Moving 17th Century Soldiers

Closest Order

Closest Order is just that - and it's very close. Unsuitable for musketeers, this distance is appropriate for pikemen about to thrust themselves into push of pike.

William Barriffe does not include Closest Order in his discussion of distances.  Closest Order, however, is in "The A.B.C. of Armes," 1616, by 'J. T. Gent' (most likely a Gentleman with the initials J. T.) and "Souldiers Accidence," 1635 (2nd ed. corrected & edited by G. Markham), and both provide the distance as shoulder to shoulder.

Closest Order, as used in today's re-enactments by the Sealed Knot in England, is a very tight formation, likely tighter than what was usually done in the 17th century (that is, until two units of pikemen actually came together, which often resulted in a writhing mass of struggling flesh).  All in ranks and files press shoulder to shoulder, and then pack together even more.  In Closest Order, the many pikemen of a unit become a single block of brawn and determination.  As two blocks of re-enactment pikemen collide, they cease to act for any audience and a genuine contest ensues.  When "Closest Order!" is shouted, the pulse of all participants quickens.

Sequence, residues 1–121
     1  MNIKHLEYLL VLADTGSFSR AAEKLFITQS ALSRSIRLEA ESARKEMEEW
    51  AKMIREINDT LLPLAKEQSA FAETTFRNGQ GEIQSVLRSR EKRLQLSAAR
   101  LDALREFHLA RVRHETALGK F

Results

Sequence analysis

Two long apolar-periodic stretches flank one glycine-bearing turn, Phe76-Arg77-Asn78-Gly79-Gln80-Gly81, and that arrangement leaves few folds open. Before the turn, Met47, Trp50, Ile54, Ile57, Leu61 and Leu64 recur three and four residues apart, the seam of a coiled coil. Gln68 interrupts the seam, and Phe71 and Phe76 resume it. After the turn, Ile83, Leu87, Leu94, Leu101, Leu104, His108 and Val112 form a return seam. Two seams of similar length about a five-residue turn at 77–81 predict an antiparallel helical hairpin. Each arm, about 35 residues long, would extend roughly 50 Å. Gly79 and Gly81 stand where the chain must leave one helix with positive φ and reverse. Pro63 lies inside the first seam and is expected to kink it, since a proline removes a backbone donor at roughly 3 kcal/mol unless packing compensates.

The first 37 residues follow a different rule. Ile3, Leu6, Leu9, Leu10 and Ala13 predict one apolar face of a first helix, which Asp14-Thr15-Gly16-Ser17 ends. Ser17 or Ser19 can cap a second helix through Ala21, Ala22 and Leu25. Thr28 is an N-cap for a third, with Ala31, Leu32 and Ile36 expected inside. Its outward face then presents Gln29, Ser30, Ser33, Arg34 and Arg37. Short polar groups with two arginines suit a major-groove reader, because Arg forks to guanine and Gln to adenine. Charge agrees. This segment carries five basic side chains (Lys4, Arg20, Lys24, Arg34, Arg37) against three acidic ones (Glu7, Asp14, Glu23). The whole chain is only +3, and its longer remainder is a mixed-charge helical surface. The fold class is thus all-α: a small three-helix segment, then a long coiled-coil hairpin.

Link to the Sealed Knot Closest Order.
 Link to Sealed Knot version of Closest Order
Sergeant Subtlelus says:
Some experts of drill may not have considered it necessary to have a command for 'Closest Order' simply because pikemen tend to bunch together on their own accord when about to push into an enemy.